Assimilation (Gainesville: University Press of Florida, 1998), 86–92.
some Timucua groups coalesced to form temporary alliances, while at other
times they engaged in mutually antagonistic rivalries. Through European eyes,
raiding among the Mocama was commonplace, but differed from the regi-
mented and full-out onslaught the Spanish and French often employed to sub-
jugate their enemies. Chiefs wielded considerable command over villagers, and
certain individuals apparently held political sway over other villages in the
region. In fact early European documents speak of strong leaders who com-
peted for regional prominence.6Beyond the local polity, however, it is still
6French and Spanish documents of the 1560s mention the Timucua chiefs of Potano in
north-central Florida; Utina along the middle St. Johns River and Saturiwa at the mouth of the St.
Johns River, Florida; and Tacatacuru on Cumberland Island, Georgia. See, for example, Gonzalo
Solis de Meras, Pedro Menendez de Aviles, Adelantado, Governor and Captain General of Florida:
Memorial,trans. Jeannette Thurber Connor (Gainesville: University Press of Florida, 1964);
Bartolome Barrientos, Pedro Mendez de Aviles, Founder of Florida, trans. Anthony Kerrigan
(Gainesville: University Press of Florida, 1965); Charles Bennett, trans., Three Voyages: Rene
Laudonnière (Gainesville: University Press of Florida, 1975); Sarah Lawson, trans., A Foothold in
Florida: The Eyewitness Account of Four Voyages Made by the French to That Region and Their
FIGURE 1. Locations of Timucua, Mocama, Guale, and Apalachee.
unclear how much of this perceived power was actual political dominance and
how much was mere influence.
Although the Timucua shared a common tongue, their language was
divided into at least eleven regional dialects. Mocama was the maritime dialect
spoken by the Timucuan inhabitants of an approximately seventy-kilometer-
stretch of coastal lands and barrier islands between the St. Johns River, Florida,
and the Satilla River, Georgia.7This differed from the Agua Salada or Saltwater
dialect spoken immediately to the south by the Timucua of the St. Augustine
vicinity. Mocama appears to have been the principle idiom used by the
Franciscan friar and linguist Fray Francisco Pareja to pen a series of religious
texts in the Timucuan language.8
In terms of domestic economy, Mocama speakers at the dawn of European
contact grew corn, but continued to depend on the bounty of the estuary-
marsh-sound system. Fish and shellfish were dietary staples. The Mocama were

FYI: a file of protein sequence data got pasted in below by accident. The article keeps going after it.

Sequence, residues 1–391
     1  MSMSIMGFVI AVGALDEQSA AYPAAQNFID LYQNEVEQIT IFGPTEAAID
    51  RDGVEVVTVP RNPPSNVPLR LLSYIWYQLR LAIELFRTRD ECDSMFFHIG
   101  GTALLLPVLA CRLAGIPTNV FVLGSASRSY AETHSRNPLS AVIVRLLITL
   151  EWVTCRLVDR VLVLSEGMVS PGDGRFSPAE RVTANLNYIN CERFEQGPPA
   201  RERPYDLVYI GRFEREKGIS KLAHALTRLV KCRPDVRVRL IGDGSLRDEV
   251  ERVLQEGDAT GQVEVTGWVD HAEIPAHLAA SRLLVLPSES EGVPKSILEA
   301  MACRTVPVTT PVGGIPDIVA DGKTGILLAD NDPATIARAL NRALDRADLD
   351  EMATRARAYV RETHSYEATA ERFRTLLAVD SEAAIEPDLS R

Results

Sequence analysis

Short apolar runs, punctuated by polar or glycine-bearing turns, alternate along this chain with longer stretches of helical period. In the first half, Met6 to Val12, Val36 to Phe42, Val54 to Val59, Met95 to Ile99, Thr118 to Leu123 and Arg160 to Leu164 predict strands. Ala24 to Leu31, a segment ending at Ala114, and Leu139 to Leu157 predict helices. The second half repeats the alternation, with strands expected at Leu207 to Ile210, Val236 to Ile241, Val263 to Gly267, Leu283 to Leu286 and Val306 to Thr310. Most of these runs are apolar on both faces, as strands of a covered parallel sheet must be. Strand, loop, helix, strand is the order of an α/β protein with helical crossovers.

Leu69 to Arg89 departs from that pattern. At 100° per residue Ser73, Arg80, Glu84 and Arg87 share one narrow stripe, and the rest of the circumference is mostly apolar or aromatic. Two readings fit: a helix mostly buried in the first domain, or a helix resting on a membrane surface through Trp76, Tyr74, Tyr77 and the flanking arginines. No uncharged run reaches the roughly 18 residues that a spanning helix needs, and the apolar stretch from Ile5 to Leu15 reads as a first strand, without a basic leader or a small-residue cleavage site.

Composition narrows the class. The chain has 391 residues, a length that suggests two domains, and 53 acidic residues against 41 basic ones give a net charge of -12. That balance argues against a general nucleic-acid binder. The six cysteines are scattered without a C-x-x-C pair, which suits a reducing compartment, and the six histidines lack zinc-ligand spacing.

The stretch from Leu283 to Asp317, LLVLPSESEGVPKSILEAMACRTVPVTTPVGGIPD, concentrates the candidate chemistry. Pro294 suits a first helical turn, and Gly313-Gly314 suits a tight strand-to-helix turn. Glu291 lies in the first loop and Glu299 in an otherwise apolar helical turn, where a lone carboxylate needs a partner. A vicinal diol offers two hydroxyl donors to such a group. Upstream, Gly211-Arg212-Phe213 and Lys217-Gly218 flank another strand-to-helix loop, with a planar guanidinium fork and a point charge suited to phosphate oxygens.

village dwellers, with scattered households tied to a community center marked
by chiefly residences and a council house. High-ranking individuals may have
been interred in sand mounds. Some villagers may have temporarily left the
main settlements at various times of the year to exploit nearby resources as they
became seasonally available or abundant. Thus, the Mocama’s annual cycle
entailed a mixed subsistence strategy of foraging and farming.
Although Juan Ponce de León made first landfall and bestowed the name
La Florida in 1513, effective Spanish occupation of the colony did not occur
until the founding of St. Augustine in 1565. The taking of Florida at this time
by Spain was a direct response to the presence of a French fort and community
Attempt at Colonization, 1562–1568, Based on a New Translation of Laudonnière’s L’Histoire
Notable de la Florida (East Grinstead, West Sussex, England: Antique Atlas Publications, 1992).
Summary found in Hann, AHistory of the Timucua Indians and Missions, 80–82.
7Kathleen Deagan, “Cultures in Transition: Fusion and Assimilation among the Eastern
Timucua,” in Jerald T. Milanich and Samuel Proctor, eds., Tacachale: Essays on the Indians of
Florida and Southeastern Georgia during the Historic Period (Gainesville: University Press of
Florida, 1978), 91; Julian Granberry, A Grammar and Dictionary of the Timucua Language
(Gainesville: University Press of Florida, 1993), 6; Hann, AHistory of the Timucua Indians and
Missions, 4–8; Milanich, The Timucua, 41–44; Jerald Milanich and William Sturtevant, Francisco
Pareja’s 1613 Confessionario: A Documentary Source for Timucuan Ethnography (Washington, DC:
Smithsonian Press, 1972), 1.
8Granberry, A Grammar and Dictionary of the Timucua Language,7.
(La Caroline) among the Mocama.9Established by Rene Laudonnière in June
1564, the French Huguenot settlement met a bloody end at the hands of
Spanish soldiers under the command of Pedro Menéndez de Avilés, who
attacked the fort under the cover of darkness on September 20, 1565. The
killing of more Frenchmen, including Jean Ribault, in the coming weeks shat-
tered any Huguenot visions of a religious sanctuary and means of profit in
southeastern North America. Assuming possession of Florida fulfilled Spain’s
need to protect the shipping lanes that flowed along the Gulf and lower
Atlantic coasts.
With French expulsion, Spanish soldiers armed Fort Caroline and renamed